Effects of EnclosuresBy 1700, a highly distinctive pattern of landownership and production existed in England, there were the few large landowners on one side, and at the other extreme were a large mass of landless cottagers who labored mainly for wages, and in between, small, independent peasant farmers who owned their own land and substantial tenant farmers who rented land from landowners, hired laborers, and sold output on market.The tenant framers, who had formerly been independent owners, were the key to mastering the new methods of farming, because the tenant farmers fenced fields, built drains, and improved the soil with fertilizersincreasing employment opportunitiesBy eliminating common rights and greatly reducing access to land, the enclosure movement marked the completion of two major historical developments in England The rise of the market-oriented estate agricultureThe emergence of a landless rural proletariatwealthy English land owners held most of the land, leasing their holdings to middle-sized farmers, who in turn relied on landless laborers for their workforce (proletarianizationthis transformation of large numbers of small peasant farmers into landless rural wage earners)Effects of Enclosures (cont.)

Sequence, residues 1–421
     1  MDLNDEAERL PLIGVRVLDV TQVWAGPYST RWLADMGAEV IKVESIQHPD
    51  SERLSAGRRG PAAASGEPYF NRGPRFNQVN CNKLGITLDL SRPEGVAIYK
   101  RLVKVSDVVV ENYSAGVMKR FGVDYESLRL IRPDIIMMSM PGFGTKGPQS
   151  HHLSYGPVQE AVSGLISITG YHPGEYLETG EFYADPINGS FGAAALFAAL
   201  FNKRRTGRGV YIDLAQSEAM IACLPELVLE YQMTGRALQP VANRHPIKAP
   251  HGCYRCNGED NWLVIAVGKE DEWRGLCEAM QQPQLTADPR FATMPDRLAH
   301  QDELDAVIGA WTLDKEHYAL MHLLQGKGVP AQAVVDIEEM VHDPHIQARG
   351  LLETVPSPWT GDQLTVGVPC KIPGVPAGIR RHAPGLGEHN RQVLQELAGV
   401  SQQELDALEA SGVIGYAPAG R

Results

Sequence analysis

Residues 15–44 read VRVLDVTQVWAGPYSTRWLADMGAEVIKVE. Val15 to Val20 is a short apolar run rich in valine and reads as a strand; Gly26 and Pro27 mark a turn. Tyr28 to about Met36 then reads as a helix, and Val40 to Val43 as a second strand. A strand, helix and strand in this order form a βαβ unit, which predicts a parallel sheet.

Some farmers gained from enclosingMore productive ways of farming were developed. Farms that were small and practically unprofitable came into the market. Some farmers whose farms had been yielding no profits, were able to work on large farms to support their families. There was a general increase in food being produced. They improved the health of the general population, especially of those who lived in towns and cities. Certain landowners in the 1830's, like Charles Townsend, showed that by enclosing land into large compact blocks, instead of scattered strips, saved time while farming and also avoided wasting land between strips. New and larger farming machinery, such as the seed drill, became more useful with enclosure. Also, experimental methods such as "four-field" crop rotation could be used more effectively.Effects of Enclosures (cont.)Farmers lost their farms of jobs and migrated to cities to find work.Enclosures caused poverty, homelessness, and rural depopulation, and resulted in revolts in 1549 and 1607. The image of a happy, prosperous village was an idealized vision of England itself, in which the people were industrious, independent farmers with ties to specific plots of land going back through generations. With the rise of large-scale agriculture and the removal of small farmers from land that had historically been theirs to use, this image became increasingly difficult to sustain.While commons were often consolidated into larger agricultural units, some of the land was annexed to estates for show, creating broad vistas and carefully designed wild areas.turned farmland into landscape, eliminating its use value and redefining it as an aesthetic resource that signified the wealth and taste of landowners.No longer the foundation for an agrarian England, land became the exclusive cultural capital of the elite.Social Effects of Enclosures